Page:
Book Review 18: The Group by Mary McCarthy

7 Mar

I watch Girls because I think it’s interesting. I don’t love everything that happens in every episode, or even like the characters very much, but what I do love is that every Monday the previous night’s episode creates conversation. Interesting conversation. I talk to my friends (and my mom) about body image. And race, and privilege. And about the surprising lack of ambition in the four girls trying to make it in NYC. Girls, like all television, owes a lot to what came before it. I picked up Mary McCarthy’s The Group at the library after reading this interview which, among other things, discussed the “reading list” given to the Girls writers.

Published in 1963, The Group is about a set of Vassar graduates who move to NYC upon graduation to pursue…whatever it is that people move to the city to look for. Love, career, escape. The book is set in the late 1930s, and I cannot tell you how modern this book felt.  It was kind of incredible. It makes sense, because these types of conflicts and stories were groundbreaking and unique in the 1930s even though they have become commonplace today, but it really felt timeless.  I also cannot tell you how similar this book felt to Girls. Similar themes, similar boundaries pushing, similar unlikeable but oddly relatable characters.

The opening story is about Kay’s nontraditional wedding, to a man share barely knows, with only her friends but no family present. It’s not quite Jessa’s bohemian wedding, but it could just as well have been. The judgment of everyone else at the wedding is on display, at her lack of compliance with generally accepted social traditions. The way the girls in the group gossiped at the wedding was so fascinating similar to what happens today. Everyone was happy for Kay, truly, and wanted to celebrate. But they wanted to nitpick details, to set a base to compare other weddings to, to evaluate whether they thought the couple would make it. It felt like every wedding I’ve ever been to.

Also, there were two chapters in the book that were basically transcriptions of the mommy blogs today. There was a chapter on breastfeeding, where one of the group decides to breastfeed and everyone decides this is an abomination. The debate over whether she should breast feed was intense, fiercely personal, and couched in rhetoric making it seem as if her personal decision would reflect on all of womankind. It sounded insanely familiar to the current breastfeeding debates I see all over today. And there was another chapter where two members of the group meet, and realize their child rearing philosophies are opposite, and judge each other so hard that I am positive if the internet existed back then they would have gone home and written about it on Facebook. It’s sad to see that the judgment of such a personal decision like how to raise your child has not changed.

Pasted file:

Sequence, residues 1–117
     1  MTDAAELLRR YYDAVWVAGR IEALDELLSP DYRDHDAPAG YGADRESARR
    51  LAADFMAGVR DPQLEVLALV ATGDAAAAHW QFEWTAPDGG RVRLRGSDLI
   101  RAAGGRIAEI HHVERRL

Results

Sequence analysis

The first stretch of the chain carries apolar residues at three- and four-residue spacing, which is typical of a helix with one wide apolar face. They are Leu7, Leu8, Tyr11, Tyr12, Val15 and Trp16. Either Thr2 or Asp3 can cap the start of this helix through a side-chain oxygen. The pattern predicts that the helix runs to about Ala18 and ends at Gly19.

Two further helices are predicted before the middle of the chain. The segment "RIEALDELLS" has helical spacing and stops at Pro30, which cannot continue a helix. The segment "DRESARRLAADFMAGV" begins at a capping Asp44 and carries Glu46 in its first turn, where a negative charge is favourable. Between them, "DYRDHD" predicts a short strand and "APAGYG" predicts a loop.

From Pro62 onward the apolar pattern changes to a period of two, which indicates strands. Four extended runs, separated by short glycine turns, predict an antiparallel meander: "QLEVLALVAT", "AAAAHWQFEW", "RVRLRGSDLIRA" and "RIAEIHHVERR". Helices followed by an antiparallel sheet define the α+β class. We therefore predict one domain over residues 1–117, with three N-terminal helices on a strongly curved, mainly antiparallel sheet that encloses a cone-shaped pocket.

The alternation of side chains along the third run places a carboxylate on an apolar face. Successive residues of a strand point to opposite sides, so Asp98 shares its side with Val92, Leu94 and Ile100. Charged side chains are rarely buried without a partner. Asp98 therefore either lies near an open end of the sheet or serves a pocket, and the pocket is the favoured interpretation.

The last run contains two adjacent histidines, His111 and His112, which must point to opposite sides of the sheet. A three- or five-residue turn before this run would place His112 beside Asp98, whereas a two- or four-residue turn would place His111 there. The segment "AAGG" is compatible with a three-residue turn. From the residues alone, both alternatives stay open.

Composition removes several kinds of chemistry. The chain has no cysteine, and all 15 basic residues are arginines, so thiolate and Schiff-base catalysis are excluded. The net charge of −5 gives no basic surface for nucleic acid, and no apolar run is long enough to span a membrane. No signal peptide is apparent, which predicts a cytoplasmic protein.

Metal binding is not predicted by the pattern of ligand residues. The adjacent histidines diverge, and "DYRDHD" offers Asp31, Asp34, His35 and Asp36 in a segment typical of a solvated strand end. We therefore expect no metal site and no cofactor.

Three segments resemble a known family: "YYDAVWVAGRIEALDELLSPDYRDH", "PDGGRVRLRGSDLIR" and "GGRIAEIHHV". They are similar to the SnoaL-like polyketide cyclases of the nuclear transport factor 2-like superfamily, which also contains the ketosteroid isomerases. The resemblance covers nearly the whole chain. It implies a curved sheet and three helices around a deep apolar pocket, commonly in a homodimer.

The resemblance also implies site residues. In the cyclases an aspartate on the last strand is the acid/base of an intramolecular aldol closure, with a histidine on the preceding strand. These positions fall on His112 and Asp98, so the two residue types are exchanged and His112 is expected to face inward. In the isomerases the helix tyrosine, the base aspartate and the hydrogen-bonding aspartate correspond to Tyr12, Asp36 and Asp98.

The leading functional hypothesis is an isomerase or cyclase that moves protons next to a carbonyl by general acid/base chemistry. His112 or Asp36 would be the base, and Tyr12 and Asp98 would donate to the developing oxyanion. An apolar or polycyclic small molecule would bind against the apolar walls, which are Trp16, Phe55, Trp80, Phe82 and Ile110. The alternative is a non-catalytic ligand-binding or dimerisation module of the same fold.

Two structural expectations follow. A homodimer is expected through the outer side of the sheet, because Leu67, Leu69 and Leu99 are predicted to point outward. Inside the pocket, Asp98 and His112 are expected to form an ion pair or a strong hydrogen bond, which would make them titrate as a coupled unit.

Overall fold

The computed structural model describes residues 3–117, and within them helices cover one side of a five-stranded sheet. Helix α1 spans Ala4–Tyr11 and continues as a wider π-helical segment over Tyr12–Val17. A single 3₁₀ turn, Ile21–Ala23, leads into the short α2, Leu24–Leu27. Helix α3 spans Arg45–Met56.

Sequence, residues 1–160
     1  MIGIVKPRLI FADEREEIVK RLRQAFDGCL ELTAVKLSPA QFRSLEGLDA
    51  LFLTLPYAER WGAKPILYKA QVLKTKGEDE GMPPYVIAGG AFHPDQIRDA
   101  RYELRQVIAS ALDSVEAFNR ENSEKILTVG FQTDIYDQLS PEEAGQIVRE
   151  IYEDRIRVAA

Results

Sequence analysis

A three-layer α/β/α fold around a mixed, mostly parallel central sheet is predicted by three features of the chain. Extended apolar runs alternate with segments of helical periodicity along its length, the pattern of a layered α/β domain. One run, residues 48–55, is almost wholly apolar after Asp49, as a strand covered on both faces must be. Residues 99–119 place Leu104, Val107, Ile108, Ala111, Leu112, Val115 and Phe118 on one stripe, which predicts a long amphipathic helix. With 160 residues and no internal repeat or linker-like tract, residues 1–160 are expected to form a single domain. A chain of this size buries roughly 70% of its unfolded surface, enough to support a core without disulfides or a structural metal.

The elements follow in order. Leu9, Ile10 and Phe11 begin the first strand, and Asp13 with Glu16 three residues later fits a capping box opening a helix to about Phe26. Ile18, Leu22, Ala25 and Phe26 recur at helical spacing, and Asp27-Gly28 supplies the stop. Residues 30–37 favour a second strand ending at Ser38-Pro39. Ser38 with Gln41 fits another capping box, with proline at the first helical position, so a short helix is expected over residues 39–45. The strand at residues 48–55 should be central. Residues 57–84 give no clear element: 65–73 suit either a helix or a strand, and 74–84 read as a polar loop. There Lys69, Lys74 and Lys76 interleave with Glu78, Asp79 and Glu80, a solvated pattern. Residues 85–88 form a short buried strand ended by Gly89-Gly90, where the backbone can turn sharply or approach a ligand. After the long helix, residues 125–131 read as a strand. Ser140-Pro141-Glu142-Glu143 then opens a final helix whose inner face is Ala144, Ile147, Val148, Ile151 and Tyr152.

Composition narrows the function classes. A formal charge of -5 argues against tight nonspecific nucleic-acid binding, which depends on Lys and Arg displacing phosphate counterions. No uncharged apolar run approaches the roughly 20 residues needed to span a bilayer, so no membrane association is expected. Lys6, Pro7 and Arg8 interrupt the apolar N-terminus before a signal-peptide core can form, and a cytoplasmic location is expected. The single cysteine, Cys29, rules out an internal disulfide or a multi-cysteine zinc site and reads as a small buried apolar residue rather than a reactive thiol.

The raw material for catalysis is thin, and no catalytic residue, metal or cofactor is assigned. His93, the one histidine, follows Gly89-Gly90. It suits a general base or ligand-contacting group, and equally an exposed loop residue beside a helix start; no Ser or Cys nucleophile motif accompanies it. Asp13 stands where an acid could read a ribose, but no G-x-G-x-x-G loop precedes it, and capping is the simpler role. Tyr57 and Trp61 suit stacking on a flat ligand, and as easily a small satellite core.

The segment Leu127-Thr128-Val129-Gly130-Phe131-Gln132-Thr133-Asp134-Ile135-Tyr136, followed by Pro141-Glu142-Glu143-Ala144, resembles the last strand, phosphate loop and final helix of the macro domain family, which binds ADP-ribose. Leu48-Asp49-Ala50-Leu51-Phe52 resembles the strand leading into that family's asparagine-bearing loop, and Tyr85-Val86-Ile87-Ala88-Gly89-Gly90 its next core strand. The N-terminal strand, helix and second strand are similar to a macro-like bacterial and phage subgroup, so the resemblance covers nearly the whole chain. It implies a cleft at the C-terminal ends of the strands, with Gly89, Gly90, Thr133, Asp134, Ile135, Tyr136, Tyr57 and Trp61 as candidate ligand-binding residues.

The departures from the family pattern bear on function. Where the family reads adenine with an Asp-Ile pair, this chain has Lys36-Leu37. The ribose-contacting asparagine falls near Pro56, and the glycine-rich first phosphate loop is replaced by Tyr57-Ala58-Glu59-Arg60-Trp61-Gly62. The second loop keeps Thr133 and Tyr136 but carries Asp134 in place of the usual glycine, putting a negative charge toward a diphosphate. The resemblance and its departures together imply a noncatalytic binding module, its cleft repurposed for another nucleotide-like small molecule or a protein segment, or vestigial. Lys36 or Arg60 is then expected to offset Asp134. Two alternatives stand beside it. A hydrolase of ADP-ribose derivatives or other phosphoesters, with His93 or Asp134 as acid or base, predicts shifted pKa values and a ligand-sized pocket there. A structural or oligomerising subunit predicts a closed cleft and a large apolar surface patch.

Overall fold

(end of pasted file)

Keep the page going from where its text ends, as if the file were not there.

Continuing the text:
Like Girls, I didn’t necessarily like the characters in this book.  When the single, unmarried friend brings her married friend along for moral support when getting birth control, it read like a scene from my (and many young girls’) lives. When a young woman worked through the depression to support her husband, it felt like the lives of many of my breadwinner friends.  I saw myself  in pieces of their stories, and it’s fascinating to see that the universal themes of love, carer, friendship, and children are still pretty much the same.

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4 Responses to “Book Review 18: The Group by Mary McCarthy”

  1. baxlala March 7, 2013 at 3:19 pm #

    This sounds fascinating! I think I remember reading about this book somewhere, probably around the time Girls came out, so thank you for reminding me about it.

Trackbacks/Pingbacks

  1. HelloKatieO’s #CBR5 Review #18: The Group by Mary McCarthy | Cannonball Read V - March 7, 2013

    […] Also, there were two chapters in the book that were basically transcriptions of the mommy blogs toda… […]

  2. Book Review 21: The Best of Everything by Rona Jaffe | Book It. - March 13, 2013

    […] selection from the Girls’ writer’s room reading list. As much as The Group made me think a lot about how little the way women interact with each other, and the world, has […]

  3. HelloKatieO’S #CBR5 Review #21: The Best of Everything by Rona Jaffe | Cannonball Read V - March 13, 2013

    […] selection from the Girls’ writer’s room reading list. As much as The Groupmade me think a lot about how little the way women interact with each other, and the world, has […]

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